In opposition, NAR said the rule change threatened to strip away the rule’s original civil rights purpose mandated by the 1968 law – which ironically the association opposed. In Arkansas, the influential Arkansas Realtors Association (AR) has 28 independent local realtor boards and associations and serves as the state arm of Washington, D.C.-based NAR. 

 

“The National Association of Realtors is disappointed that HUD has taken this step, which significantly weakens the federal government’s commitment to the goals of the Fair Housing Act,” former NAR President Vince Malta said in January. “The viability of our 1.4 million members depends on the free, transparent and efficient transfer of property in this country, and NAR maintains that a strong, affirmative fair housing rule is vital to advancing our nation’s progress toward thriving and inclusive communities.

 

Under the restored fair housing regulatory definition announced by Fudge, municipalities and other HUD funding recipients that must regularly certify compliance with Fair Housing Act’s requirements and commit to taking steps to remedy any unique issues. To support compliance with those rules, HUD will provide a voluntary process that funding recipients can choose to use to identify the fair housing concerns that exist locally and commit to specific steps to remedy them. As with the Obama-era regulations, HUD will also again provide technical assistance and support to funding recipients that carry out this voluntary fair housing planning process.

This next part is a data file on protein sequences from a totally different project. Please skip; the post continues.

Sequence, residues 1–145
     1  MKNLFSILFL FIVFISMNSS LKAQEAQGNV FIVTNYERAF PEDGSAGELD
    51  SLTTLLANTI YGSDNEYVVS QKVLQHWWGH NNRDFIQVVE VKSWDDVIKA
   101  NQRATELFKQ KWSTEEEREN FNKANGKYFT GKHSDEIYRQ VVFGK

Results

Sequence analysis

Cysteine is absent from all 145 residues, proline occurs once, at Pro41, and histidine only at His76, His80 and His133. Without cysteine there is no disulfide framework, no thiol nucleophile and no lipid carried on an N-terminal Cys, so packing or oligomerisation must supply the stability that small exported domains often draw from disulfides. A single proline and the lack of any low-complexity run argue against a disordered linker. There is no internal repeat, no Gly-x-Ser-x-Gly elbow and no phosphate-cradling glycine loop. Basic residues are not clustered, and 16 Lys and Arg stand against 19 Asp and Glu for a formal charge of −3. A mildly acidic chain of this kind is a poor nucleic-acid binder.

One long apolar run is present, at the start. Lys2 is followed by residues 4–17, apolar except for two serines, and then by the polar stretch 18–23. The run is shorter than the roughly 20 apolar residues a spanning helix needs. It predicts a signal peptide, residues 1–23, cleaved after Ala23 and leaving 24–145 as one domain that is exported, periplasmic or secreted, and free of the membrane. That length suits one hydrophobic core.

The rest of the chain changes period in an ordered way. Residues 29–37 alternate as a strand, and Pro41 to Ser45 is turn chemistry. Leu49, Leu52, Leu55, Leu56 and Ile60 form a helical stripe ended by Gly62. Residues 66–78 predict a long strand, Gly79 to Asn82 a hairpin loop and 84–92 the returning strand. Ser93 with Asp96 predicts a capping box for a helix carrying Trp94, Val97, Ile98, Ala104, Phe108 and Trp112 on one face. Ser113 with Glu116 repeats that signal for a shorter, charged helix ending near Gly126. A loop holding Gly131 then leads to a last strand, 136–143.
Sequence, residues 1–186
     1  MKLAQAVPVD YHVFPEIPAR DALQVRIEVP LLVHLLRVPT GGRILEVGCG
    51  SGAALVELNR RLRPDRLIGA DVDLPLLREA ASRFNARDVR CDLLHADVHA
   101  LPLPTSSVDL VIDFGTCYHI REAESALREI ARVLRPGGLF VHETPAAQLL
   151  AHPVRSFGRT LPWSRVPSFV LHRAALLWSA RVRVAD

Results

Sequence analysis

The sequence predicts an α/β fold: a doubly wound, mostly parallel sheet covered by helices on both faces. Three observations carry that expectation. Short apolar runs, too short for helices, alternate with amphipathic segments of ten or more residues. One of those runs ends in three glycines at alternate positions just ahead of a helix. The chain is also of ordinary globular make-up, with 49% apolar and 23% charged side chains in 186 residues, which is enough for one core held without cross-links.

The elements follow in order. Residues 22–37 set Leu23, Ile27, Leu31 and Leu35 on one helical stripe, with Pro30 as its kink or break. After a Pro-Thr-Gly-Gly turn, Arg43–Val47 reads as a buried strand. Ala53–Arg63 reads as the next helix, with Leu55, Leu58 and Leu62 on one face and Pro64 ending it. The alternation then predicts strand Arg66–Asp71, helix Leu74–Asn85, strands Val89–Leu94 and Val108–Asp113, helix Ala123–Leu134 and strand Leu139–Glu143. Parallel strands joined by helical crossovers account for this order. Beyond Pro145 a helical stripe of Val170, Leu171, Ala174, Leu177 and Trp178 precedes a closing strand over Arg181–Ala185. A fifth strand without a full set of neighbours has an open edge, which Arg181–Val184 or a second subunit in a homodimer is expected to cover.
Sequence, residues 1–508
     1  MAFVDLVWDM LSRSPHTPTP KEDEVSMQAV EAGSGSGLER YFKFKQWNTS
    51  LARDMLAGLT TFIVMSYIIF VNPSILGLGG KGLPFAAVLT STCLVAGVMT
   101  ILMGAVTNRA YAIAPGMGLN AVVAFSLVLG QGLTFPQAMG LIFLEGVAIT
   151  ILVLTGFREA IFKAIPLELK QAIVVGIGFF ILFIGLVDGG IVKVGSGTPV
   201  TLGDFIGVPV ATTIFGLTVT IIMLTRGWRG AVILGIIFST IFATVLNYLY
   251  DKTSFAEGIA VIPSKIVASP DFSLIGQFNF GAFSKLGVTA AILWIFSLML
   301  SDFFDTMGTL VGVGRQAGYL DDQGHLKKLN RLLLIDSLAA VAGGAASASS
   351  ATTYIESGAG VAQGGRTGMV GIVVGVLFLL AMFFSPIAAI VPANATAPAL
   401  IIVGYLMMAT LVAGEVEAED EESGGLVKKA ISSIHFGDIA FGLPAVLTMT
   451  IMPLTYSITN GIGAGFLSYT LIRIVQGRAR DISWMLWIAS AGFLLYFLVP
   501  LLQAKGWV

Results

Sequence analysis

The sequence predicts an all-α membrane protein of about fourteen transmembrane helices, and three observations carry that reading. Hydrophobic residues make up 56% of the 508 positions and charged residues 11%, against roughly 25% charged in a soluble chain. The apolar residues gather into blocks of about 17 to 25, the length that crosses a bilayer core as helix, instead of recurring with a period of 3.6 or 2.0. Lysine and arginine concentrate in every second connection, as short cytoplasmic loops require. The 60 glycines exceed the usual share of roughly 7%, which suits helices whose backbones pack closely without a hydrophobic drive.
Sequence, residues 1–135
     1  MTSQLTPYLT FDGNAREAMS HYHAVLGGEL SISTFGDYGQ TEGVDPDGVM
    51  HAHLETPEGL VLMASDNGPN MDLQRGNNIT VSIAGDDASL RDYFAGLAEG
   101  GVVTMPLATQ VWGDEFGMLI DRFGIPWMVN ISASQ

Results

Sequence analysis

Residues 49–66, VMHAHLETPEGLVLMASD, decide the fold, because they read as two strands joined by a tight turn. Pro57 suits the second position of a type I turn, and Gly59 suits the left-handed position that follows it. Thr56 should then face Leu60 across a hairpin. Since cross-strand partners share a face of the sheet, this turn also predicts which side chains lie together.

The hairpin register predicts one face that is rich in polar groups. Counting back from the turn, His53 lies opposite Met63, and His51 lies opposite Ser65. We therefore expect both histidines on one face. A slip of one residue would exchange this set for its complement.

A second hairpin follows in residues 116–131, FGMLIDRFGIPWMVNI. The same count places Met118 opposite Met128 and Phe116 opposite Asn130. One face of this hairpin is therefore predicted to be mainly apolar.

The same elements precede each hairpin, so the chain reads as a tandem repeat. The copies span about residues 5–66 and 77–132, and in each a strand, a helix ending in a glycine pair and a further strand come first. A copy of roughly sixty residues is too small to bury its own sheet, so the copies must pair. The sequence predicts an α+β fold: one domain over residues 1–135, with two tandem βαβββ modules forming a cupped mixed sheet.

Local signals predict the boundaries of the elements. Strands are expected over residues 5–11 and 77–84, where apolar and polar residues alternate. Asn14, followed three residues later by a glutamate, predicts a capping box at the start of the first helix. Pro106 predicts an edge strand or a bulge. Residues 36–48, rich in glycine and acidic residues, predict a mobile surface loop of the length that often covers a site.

“More than 50 years since the Fair Housing Act’s passage, inequities in our communities remain that block families from moving into neighborhoods with greater opportunities,” said Secretary Fudge. “As a former mayor and Member of Congress, I know firsthand the importance of giving localities the tools they need to ensure their communities have access to safe, affordable housing near quality schools, transportation, and jobs. Today, HUD is taking a critical step to affirm that a child’s future should never be limited by the ZIP code where they are born.”

 

Fudge said the updated rule is one of the ways in which HUD fulfills its legal mandate under the Fair Housing Act to “affirmatively further” the purposes of federal housing law. Additionally, it is consistent with President Biden’s January 26 executive order directing HUD to examine the Trump administration’s fair housing rules and take all steps necessary to implement the Fair Housing Act’s requirement that the federal agency administer its programs in a manner that affirmatively furthers fair housing.